Gandhi and his followers also founded numerous "ashrams" in India (Gandhi had pioneered the "ashram" settlement in South Africa). The concept of an "ashram" has been compared with the commune, where its inhabitants would seek to produce their own food, clothing and means of living, while promoting a lifestyle of self-sufficiency, personal and spiritual development and working for wider social development. The "ashrams" included small farms and houses constructed by the inhabitants themselves. All inhabitants were expected to help in any task necessary, promoting the values of equality. Gandhi also espoused the notion of "trusteeship," which centred on denying material pursuits and coveting of wealth, with practitioners acting as "trustees" of other individuals and the community in their management of economic resources and property. Contrary to many Indian socialists and communists, Gandhi was averse to all notions of class warfare and concepts of class-based revolution, which he saw as causes of social violence and disharmony. Gandhi's concept of egalitarianism was centred on the preservation of human dignity rather than material development. Some of Gandhi's closest supporters and admirers included industrialists such as Ghanshyamdas Birla, Ambalal Sarabhai, Jamnalal Bajaj and J. R. D. Tata, who adopted several of Gandhi's progressive ideas in managing labour relations while also personally participating in Gandhi's ashrams and socio-political work.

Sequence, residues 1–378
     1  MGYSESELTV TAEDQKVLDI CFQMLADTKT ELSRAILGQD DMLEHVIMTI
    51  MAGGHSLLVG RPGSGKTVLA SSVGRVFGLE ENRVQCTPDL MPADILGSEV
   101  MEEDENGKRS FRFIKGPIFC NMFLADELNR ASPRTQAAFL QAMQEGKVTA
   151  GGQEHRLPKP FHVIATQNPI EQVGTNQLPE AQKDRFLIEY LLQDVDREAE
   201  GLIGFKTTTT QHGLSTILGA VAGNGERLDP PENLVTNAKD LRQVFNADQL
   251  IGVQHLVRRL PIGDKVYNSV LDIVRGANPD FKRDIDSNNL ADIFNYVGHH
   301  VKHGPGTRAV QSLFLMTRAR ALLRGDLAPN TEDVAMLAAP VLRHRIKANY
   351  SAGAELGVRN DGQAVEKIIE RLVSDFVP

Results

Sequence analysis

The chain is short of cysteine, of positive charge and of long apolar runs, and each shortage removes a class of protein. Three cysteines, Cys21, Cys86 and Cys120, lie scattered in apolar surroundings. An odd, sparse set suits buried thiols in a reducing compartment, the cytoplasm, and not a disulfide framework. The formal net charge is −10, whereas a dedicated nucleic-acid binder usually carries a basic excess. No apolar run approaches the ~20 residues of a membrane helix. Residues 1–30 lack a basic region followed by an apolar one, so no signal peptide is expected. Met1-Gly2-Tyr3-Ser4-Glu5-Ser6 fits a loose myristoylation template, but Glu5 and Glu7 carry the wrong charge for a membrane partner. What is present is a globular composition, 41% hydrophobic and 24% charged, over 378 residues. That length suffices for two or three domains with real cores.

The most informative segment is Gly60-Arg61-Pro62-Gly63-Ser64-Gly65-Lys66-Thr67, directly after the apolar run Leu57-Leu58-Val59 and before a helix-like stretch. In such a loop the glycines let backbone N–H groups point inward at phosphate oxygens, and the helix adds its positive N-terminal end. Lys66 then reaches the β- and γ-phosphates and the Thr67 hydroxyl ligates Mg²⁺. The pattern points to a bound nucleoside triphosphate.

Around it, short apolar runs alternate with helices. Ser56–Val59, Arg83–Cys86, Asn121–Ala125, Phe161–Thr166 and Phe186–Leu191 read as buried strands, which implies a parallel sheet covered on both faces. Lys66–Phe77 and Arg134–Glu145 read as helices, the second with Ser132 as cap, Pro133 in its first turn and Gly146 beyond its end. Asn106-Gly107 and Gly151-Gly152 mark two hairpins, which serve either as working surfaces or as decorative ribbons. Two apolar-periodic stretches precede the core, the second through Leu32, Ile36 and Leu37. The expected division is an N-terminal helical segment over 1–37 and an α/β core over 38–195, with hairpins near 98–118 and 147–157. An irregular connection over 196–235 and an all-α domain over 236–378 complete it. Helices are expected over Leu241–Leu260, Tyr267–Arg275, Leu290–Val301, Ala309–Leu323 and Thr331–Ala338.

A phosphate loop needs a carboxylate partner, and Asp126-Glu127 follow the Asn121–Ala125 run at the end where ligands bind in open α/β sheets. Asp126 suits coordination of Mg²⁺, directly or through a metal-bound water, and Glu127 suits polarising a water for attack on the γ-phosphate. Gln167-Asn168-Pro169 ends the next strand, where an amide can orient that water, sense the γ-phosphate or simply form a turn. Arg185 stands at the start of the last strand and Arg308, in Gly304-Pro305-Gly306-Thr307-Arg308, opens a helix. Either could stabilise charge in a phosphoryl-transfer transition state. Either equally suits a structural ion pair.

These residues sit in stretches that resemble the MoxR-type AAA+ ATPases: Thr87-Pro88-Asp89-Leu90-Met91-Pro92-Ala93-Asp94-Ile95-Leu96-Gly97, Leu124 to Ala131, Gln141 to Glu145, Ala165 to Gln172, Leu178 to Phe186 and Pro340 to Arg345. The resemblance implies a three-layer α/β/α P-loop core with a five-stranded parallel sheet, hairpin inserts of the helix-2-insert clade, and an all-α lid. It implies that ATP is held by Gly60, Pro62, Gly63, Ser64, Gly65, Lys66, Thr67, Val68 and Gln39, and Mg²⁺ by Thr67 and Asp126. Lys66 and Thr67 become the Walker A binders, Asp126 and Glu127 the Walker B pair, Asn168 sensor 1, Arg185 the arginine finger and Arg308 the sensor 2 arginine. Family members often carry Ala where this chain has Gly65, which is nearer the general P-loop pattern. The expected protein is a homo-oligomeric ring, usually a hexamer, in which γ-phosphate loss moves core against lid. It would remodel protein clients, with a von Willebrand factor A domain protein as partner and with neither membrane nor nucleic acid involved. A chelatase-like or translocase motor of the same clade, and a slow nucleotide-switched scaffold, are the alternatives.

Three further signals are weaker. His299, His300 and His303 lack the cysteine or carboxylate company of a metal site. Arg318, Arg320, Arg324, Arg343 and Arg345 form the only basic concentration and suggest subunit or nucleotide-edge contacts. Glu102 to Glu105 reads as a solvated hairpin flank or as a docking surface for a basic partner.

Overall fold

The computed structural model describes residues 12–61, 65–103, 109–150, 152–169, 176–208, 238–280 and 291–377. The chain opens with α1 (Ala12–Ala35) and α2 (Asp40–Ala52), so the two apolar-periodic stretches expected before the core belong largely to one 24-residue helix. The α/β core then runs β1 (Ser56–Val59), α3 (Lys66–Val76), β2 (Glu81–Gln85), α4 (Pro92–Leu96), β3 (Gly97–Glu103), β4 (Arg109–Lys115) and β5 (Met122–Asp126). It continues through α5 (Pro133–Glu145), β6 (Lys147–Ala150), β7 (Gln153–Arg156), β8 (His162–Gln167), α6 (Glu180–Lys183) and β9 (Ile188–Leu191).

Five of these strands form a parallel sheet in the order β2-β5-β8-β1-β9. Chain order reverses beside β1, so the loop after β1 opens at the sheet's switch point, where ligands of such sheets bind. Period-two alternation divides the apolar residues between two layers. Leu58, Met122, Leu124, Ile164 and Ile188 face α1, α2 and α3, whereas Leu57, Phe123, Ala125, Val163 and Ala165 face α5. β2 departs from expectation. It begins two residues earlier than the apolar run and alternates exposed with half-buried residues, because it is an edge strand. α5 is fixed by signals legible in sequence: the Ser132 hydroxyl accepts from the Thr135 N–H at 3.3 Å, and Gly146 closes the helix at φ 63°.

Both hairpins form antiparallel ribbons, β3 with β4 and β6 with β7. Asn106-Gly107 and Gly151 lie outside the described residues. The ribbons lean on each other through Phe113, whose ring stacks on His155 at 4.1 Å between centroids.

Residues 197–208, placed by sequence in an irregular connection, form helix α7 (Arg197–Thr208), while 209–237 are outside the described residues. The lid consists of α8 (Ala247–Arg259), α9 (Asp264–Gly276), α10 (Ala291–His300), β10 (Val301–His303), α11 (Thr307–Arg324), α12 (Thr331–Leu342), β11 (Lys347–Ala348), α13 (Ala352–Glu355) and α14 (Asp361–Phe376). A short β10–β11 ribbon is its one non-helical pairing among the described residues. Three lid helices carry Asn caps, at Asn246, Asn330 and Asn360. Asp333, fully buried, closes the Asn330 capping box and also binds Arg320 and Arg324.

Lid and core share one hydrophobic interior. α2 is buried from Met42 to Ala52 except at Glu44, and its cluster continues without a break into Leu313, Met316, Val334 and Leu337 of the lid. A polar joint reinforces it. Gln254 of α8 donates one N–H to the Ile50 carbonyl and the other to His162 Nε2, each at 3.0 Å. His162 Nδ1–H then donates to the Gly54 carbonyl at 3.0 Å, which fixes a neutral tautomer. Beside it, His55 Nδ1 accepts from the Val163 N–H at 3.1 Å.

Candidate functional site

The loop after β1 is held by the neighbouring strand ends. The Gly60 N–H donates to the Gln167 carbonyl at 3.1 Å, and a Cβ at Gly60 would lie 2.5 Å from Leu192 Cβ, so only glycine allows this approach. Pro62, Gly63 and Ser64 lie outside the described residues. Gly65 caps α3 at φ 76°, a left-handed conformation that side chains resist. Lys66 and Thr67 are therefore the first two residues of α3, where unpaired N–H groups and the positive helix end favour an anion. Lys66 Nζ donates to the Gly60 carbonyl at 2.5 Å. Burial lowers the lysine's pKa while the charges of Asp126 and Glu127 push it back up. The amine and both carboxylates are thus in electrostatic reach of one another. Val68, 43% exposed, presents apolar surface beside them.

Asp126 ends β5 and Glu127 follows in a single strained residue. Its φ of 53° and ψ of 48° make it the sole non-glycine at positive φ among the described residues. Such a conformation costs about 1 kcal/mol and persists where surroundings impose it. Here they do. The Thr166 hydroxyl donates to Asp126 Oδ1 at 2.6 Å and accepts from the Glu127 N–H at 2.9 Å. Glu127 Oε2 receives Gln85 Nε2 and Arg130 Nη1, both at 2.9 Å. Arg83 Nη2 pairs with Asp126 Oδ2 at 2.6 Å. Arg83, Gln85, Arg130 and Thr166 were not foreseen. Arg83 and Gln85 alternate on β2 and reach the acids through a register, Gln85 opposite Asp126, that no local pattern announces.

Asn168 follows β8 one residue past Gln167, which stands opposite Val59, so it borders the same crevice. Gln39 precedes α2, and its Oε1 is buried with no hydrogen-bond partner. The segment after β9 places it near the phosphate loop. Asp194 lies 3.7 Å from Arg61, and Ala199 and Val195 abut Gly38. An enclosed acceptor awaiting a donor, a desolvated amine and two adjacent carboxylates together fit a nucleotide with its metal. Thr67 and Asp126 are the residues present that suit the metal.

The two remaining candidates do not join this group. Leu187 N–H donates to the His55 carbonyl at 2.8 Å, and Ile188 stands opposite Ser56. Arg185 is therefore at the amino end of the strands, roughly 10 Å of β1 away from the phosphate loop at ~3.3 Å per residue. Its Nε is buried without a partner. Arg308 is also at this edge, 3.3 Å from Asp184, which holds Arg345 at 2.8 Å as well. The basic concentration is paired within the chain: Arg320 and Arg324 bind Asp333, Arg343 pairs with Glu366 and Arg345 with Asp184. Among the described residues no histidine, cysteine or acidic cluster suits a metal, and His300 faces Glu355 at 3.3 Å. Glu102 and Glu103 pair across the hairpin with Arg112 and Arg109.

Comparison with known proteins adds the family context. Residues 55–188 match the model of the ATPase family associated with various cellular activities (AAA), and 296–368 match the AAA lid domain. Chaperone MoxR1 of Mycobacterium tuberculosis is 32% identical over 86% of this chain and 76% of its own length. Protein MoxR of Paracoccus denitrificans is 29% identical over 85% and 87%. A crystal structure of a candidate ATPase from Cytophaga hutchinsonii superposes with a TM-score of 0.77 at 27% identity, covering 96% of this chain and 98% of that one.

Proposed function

Implementation in India

During India's freedom struggle as well as after India's independence in 1947, Gandhi's advocacy of homespun "khadi" clothing, the "khadi" attire (which included the Gandhi cap) developed into popular symbols of nationalism and patriotism. India's first prime minister, Jawaharlal Nehru was a socialist as well as a close supporter of Gandhi. While Nehru was influenced by Gandhi's aversion to the brand of socialism practised in the Soviet Union, he was also an exponent of industralisation and critical of Gandhi's focus on rural economics.